Religious myths shortcut the second condition of widespread appeal and acceptance by utilizing a reward/punishment system. The phoenix in China for example, doesn't really give a fuck if you believe in him or not. He's a bird. He's got bird problems revolving around bird business to worry about. But when a god steps into the picture, they are always excessively prone to flattery and extremely sensitive to people not paying any attention to them. You know, like a toddler. Anyway, let's take Helios, driver of the chariot of the sun in Greek religious myth. Helios actually cared about what people did and thought of him, and as a result, there was at least one cult surrounding him (with a big-ass statue to go with it.) It was a grave offense to deny or displease Helios, and was both naturally and supernaturally punishable. Anaxagoras, who lived in ancient Greece and was so fucking smart that he knew who "Anaxagoras" was, suggested that the sun was not a god named Helios or an extremely bright chariot, but instead a flaming ball of metal bigger than Peloponnese. He was sentenced to death.** Imagine how bad it would have been if he suggested that the Sun was a millions times larger than the Earth.

Religious myth can shortcut to authoritative acceptance in two ways. Leaders are always looking for magical ways to maintain or increase their rule (both in ancient times and recently.) It only makes sense to ask whatever supernatural force was popular at the time for help. Additionally, the appeal to secular authority wasn't necessary for the religious followers. It's an easy choice, really. Do you want a king or a god? So, if a leader didn't believe in your religion, it was unimportant because they were not even a god*** And there was even the creation of new authority in the forms of clergy, shamans, medicine men and...did I forget any? Whatever. They're all the same.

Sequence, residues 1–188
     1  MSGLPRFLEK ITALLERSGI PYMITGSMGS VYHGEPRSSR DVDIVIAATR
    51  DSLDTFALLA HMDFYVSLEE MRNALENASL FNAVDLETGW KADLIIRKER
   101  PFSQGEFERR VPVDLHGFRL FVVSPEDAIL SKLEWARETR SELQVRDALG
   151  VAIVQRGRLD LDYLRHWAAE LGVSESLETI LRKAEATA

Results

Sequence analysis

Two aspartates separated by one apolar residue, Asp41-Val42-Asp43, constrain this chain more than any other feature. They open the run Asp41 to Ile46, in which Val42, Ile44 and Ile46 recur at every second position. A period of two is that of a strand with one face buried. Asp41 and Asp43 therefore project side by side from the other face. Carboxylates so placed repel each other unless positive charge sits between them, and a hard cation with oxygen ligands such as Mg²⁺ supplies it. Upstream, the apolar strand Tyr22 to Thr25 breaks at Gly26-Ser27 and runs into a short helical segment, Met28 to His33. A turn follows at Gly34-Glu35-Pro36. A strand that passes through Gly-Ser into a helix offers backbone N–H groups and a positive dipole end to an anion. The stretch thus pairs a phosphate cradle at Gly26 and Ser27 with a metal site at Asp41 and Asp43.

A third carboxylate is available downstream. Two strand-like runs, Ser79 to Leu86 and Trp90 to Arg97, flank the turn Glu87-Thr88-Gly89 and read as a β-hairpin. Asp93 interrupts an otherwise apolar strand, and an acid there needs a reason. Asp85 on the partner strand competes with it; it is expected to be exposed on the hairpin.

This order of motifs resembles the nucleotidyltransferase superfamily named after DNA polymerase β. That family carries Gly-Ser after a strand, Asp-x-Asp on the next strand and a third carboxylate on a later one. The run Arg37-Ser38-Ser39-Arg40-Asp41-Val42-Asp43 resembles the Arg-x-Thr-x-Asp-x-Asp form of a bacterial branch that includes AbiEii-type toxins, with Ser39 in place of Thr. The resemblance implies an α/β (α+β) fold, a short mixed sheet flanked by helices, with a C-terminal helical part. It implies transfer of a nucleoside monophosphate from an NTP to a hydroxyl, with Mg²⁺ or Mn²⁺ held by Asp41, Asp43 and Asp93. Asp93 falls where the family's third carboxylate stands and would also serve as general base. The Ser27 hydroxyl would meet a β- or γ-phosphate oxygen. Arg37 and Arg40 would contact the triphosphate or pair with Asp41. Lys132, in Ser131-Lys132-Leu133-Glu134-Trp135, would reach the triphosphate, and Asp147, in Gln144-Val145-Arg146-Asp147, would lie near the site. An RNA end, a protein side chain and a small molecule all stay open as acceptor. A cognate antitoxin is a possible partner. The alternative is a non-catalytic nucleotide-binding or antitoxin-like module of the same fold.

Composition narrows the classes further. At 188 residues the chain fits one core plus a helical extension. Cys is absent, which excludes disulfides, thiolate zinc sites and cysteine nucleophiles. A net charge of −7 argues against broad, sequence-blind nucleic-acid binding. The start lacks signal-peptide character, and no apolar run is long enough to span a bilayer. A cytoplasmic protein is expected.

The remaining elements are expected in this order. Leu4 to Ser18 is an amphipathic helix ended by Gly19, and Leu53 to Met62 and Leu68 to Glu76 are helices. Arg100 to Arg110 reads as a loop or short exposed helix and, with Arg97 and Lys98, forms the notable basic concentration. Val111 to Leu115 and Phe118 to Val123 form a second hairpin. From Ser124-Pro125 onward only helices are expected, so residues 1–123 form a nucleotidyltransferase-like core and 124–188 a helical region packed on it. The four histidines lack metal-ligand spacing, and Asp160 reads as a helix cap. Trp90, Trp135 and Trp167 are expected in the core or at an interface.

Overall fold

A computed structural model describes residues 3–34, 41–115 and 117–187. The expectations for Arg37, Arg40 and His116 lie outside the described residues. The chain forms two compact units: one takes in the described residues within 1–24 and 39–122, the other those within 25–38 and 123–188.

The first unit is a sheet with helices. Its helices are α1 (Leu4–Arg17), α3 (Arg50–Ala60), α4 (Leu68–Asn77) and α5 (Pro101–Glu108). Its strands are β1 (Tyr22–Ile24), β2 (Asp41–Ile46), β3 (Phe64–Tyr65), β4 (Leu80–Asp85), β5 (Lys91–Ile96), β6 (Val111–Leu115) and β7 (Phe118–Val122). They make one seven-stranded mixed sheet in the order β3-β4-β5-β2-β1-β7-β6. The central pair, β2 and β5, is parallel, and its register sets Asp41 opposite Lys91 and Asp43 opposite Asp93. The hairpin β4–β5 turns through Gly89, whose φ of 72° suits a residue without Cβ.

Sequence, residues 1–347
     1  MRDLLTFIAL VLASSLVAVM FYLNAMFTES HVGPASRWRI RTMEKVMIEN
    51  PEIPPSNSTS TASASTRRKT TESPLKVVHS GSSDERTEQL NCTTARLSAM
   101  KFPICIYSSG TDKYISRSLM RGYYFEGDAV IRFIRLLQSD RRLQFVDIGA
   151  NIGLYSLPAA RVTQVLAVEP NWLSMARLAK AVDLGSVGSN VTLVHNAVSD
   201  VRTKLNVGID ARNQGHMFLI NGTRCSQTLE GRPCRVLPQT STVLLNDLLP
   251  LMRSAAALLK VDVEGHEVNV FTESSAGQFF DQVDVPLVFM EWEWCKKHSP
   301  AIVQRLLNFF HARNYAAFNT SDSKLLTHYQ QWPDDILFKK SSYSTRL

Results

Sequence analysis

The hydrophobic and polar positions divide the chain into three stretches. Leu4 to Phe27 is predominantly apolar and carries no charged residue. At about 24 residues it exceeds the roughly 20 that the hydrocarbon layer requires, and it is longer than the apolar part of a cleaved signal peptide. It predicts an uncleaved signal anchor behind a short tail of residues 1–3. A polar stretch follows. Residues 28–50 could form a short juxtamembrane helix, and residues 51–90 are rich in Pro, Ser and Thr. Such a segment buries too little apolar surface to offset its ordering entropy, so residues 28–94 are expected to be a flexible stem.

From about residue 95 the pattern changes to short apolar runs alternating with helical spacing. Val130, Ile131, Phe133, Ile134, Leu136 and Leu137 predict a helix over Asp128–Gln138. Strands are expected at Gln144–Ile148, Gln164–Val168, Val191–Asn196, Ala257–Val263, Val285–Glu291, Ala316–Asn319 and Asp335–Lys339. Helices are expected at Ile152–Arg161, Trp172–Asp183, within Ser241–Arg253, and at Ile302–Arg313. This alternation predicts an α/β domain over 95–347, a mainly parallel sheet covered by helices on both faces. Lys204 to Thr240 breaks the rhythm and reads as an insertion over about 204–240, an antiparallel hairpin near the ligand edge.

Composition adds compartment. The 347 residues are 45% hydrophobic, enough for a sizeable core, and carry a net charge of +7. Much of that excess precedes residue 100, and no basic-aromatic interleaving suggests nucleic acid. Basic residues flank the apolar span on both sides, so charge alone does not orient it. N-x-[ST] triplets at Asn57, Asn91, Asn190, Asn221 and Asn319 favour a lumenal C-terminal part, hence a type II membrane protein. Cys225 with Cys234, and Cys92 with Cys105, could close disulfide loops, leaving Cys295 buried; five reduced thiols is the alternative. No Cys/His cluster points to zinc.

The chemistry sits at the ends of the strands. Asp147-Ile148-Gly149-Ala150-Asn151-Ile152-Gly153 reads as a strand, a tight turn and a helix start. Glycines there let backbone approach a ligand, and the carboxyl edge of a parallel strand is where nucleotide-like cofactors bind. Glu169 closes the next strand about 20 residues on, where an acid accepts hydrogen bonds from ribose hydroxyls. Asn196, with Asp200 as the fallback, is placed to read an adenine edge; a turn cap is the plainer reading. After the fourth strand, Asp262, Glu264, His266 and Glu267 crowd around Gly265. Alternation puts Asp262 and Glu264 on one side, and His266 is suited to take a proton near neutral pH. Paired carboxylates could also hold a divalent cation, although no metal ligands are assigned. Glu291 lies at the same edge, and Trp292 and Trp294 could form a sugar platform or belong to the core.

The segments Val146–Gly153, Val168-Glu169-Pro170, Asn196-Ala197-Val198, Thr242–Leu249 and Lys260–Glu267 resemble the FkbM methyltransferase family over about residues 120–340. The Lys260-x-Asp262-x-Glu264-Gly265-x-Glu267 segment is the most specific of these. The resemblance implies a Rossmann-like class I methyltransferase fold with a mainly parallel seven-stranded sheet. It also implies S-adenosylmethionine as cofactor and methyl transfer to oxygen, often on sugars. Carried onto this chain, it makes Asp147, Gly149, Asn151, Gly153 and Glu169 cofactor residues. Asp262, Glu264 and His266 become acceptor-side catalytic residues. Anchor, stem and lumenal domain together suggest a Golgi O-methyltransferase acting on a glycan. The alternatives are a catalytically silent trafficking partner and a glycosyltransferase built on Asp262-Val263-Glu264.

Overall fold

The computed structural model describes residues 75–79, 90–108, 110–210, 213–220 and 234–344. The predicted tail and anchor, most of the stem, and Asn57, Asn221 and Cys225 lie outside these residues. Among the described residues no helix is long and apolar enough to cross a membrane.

So, we have all these good reasons that religious myth should dominate any culture. But then, that isn't how it works now, is it? I don't put any virgins in my volcano when it's not raining. When I eat the heart of a duck, I don't gain his strength. I'm guessing you don't put blood on your door to keep angels of death out.

You may think that you're not being particularly smart when you think that putting a virgin in a volcano is a useless (and wasteful!) practice, but you actually are. In fact, by my calculations, you are smarter than 99% of all of the people that ever lived (Note: this is not real math.) You also probably don't even know how the computer you're reading this on works. I don't. I'm pressing a few keys on a keyboard that I don't understand, which goes through a computer I don't understand, which displays letters on a monitor I don't understand. The only thing I really get here is the letters, and even those are a little bit hazy sometimes. (I'm looking at you, lowercase L and capital I.) My point is, even though most of us don't understand how a computer works, we're pretty well convinced that it isn't magic. And it would be hard to make us believe that it was.

We're living in a significantly more scientific age than at any other point in history. Recently, I taught a science lesson to five-year-olds about the size and temperature of the sun. They are suddenly smarter than Anaxagoras was 2,000 years ago, and Anaxagoras was smarter than all the humans that lived for 198,000 years before him. These kids can barely not soil themselves with urine and they know more about the sun than the geniuses in ancient Greece.